ABSTRACT NUMBER - 101

CEREBRAL VISUAL IMPAIRMENT: A RETROSPECTIVE REVIEW OF CHILDREN ATTENDING THE PAEDIATRIC LOW VISION CLINIC, QUEENSLAND, AUSTRALIA


Matthew Cranstoun, Jennifer Bevan, Anne Lamont, Bronwyn Hein, Glen Gole, Peter Cranstoun

Meeting:  2012 RANZCO


SESSION INFORMATION

Date:      -

Session Title: POSTER ABSTRACTS

Session Time:      -

Purpose:
To review a cohort of children with a primary diagnosis of cerebral visual impairment (CVI) attending the Paediatric Low Vision Clinic in Queensland.

Methods:
A retrospective chart review of 168 chil-dren with a diagnosis of Cerebral Visual Impairment seen at the Paediatric Low Vision Clinic in Queensland between 1995 and 2011 was performed to determine the nature & frequency of co-morbidities, causes, asso-ciated clinical features & visual outcomes.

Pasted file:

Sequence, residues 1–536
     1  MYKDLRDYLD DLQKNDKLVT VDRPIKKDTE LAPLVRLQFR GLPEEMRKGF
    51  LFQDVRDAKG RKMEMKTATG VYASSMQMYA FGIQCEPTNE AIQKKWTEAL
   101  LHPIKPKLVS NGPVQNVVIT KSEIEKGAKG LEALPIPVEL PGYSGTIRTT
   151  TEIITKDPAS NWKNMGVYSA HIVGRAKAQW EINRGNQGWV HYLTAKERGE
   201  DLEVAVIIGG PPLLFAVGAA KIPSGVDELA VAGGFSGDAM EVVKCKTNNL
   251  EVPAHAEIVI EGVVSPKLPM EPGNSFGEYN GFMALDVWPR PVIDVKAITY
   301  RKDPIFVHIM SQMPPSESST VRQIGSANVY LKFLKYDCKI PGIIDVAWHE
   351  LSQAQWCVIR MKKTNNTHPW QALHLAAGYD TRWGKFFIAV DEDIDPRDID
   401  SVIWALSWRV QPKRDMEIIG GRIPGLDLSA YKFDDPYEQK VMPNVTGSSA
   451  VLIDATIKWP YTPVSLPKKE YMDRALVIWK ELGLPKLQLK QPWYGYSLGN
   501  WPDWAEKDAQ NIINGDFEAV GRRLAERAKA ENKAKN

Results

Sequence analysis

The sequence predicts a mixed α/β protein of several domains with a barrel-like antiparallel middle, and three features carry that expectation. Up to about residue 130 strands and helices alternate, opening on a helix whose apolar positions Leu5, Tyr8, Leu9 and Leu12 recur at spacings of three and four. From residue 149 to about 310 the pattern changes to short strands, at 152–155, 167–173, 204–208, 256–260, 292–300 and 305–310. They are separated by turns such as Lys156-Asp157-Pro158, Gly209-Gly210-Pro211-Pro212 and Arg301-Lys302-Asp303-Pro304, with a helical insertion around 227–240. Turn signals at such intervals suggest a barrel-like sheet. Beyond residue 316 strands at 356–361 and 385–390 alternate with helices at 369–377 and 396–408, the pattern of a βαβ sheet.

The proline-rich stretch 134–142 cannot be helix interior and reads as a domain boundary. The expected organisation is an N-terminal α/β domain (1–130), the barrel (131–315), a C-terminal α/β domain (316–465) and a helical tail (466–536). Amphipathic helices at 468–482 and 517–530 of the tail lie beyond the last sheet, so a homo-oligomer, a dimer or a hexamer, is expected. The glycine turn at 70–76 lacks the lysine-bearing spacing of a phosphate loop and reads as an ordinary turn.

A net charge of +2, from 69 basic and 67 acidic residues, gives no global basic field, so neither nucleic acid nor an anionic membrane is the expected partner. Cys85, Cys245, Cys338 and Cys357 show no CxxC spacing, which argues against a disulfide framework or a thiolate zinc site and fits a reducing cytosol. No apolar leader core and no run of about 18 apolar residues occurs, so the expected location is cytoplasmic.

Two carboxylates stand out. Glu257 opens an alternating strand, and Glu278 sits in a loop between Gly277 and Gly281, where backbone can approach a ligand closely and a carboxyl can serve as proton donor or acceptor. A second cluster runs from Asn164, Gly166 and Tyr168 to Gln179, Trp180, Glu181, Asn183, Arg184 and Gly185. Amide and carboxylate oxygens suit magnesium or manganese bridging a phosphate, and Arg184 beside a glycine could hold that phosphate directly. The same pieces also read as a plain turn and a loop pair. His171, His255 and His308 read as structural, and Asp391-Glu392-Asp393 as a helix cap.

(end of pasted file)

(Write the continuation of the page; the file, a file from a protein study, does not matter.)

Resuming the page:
Results:
he largest subgroup (29%) of children referred to the PLVC during the period of our study was comprised of children diagnosed as suffering from CVI. 111 (66%) of our cohort of 168 children were males. The most common co-morbidities were epi-lepsy (67%) & cerebral palsy (48%). A wide variety of causes was identified with hypoxic-ischaemic brain injury (39%), CNS infections (14%) and congenital CNS malformations (16%) occurring most frequently. While children with CVI may have a normal eye examination, optic atrophy (30%), strabismus (55%), nystagmus (22%) & field defects (19%) were common associated clinical findings in our group. 145 (86%) of children examined had a visual acuity of 6/60 or worse.

Conclusion:
CVI is the commonest cause of decreased visual acuity in the paediatric age group in developed countries. In the majority of children in our study, CVI was associated with systemic diseases particularly cer-ebral palsy & epilepsy. While reduced vision can occur in a setting of a normal ocular examination, optic atrophy, strabismus & sensory nystagmus are frequent clinical findings.